How Do I Get a PhD in Library Science?

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  • Written By: Susan Abe
  • Edited By: Jessica Seminara
  • Last Modified Date: 10 August 2019
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A typical student can earn a PhD in library science and information studies during five to six years of college and postgraduate work. For a student in high school, the steps necessary to eventually earn a PhD in library science depend upon completing the SATĀ® exam, successfully graduating high school and garnering acceptance into a college of her choice. While graduate programs in library science report that they admit students of every undergraduate degree preparation, admission to the best library science graduate programs may require that an undergraduate tailor his or her studies to best impress the graduate program's admission committee. Thus, undergraduate majors and degrees in literature or archival research combined with information technology studies may be necessary. The satisfactory completion of the Graduate Record Examination (GREĀ®) will also be required for application to graduate school in the preliminary work toward a PhD in library science.


Library science programs have been one of the fields of academic study drastically changed by the Internet and the dissemination of texts and research available online. In fact, the scholarship in this field has even modified the program name from library science to library science and information studies. The same degree program now includes both traditional archival management courses as well as computer science classes that explain the intricacies of web search engine results. Library science adapted quickly and thoroughly to this new means of research. Depending upon the school, bachelor's degrees can range in focus from literature, to information science, to library and archives assisting.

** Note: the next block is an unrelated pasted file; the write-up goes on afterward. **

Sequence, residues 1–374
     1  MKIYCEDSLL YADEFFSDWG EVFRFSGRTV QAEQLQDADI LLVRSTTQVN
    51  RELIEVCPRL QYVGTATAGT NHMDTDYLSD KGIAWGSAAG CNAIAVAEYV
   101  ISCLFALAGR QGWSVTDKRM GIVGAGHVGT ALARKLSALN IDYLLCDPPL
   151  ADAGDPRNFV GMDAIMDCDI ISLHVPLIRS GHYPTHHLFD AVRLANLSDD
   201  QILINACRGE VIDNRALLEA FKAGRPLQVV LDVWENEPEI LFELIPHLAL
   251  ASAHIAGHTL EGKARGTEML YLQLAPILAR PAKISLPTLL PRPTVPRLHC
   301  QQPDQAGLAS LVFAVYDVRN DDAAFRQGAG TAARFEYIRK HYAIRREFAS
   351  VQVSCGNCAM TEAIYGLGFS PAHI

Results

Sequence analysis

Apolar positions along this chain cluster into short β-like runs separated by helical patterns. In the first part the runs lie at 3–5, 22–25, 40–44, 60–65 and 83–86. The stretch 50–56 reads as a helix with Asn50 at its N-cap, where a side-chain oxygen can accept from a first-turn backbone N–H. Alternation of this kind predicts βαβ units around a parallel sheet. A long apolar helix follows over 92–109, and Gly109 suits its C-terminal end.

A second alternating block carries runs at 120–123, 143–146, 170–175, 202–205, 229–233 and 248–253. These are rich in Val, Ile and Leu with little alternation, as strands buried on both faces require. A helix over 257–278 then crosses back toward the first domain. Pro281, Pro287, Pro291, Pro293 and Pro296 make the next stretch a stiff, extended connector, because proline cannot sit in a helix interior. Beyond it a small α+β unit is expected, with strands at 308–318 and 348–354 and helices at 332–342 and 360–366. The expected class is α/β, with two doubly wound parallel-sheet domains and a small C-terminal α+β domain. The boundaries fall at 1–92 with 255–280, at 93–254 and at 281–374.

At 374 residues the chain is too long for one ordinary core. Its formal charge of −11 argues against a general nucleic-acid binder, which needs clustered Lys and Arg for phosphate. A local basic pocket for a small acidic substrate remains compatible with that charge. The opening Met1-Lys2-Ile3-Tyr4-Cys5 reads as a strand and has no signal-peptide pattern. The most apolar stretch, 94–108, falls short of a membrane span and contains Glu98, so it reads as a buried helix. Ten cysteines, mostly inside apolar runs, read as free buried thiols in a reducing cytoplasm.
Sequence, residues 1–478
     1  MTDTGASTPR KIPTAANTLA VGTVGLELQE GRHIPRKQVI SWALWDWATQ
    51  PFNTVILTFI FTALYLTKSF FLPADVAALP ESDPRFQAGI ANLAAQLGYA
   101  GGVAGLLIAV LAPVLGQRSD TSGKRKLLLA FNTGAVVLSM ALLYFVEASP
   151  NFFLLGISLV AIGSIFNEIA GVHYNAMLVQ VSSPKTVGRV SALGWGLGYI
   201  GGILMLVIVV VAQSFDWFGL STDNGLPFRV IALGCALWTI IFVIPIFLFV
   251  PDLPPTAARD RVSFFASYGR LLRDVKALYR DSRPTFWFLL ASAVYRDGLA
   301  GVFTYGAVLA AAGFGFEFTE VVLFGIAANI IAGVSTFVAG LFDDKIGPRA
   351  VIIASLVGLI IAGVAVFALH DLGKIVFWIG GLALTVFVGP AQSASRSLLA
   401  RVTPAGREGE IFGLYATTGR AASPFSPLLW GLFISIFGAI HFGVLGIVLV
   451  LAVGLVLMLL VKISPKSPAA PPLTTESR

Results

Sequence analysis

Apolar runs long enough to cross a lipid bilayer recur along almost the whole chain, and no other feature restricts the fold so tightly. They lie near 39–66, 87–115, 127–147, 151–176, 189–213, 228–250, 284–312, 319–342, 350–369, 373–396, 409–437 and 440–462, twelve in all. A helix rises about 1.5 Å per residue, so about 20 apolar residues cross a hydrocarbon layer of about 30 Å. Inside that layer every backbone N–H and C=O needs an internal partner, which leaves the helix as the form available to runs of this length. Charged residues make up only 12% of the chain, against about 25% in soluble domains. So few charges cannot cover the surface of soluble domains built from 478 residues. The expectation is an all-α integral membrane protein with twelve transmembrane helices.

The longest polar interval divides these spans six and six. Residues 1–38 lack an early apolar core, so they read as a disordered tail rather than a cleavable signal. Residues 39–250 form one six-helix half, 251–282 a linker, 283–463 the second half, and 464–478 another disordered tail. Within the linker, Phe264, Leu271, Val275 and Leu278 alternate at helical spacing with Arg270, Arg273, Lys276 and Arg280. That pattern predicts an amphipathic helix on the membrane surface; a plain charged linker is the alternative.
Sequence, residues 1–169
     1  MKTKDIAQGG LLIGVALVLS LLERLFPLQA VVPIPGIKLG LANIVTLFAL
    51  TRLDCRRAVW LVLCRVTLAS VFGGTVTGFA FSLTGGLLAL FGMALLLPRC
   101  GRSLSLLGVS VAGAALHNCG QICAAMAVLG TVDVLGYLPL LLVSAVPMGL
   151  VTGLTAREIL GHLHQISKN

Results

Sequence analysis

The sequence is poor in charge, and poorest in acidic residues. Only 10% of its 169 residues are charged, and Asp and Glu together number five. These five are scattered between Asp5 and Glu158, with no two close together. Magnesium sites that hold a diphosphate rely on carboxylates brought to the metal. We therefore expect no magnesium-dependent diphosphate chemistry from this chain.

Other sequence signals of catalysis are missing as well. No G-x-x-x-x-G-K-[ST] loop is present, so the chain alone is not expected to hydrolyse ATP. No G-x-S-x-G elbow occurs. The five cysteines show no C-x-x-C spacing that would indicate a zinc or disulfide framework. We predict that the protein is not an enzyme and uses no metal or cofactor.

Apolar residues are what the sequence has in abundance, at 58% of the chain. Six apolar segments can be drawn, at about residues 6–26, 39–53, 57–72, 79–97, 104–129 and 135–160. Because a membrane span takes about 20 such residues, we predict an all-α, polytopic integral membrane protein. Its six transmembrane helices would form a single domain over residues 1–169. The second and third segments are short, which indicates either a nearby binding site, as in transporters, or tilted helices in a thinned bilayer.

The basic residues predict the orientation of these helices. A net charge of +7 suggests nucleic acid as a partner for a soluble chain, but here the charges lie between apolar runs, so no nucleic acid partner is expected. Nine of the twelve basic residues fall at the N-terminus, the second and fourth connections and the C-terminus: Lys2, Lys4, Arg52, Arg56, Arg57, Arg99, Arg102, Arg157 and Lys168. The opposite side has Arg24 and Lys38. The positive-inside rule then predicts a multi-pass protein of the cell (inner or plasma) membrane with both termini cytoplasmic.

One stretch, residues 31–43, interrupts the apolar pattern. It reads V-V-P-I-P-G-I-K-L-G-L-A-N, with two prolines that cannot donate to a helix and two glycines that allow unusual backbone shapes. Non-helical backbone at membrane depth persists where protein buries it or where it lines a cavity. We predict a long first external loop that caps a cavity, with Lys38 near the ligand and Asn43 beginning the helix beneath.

In most library science programs, a master's degree can be earned in a year. Graduate courses may include literature and children, information science, library and book history and information policy and technology regulation. In the US, depending on the state, students who plan on working in elementary, middle school or high school libraries will need to take just as many undergraduate teaching classes as needed to qualify to work in the school system. Collaborating with her advisor, the graduate student will also choose her area of concentrated study and the subject of her master's degree thesis.

Although the decision to pursue a master's degree or both graduate degrees is usually made at the beginning of graduate school, beginning to pursue a PhD in library science remains a milestone. PhD students may teach introductory courses in the undergraduate program or supervise areas of the campus library system. Again, in conjunction with her academic advisor, the student chooses which courses to study and the topic of her dissertation. After writing and successfully defending her dissertation she is awarded a PhD in library science.


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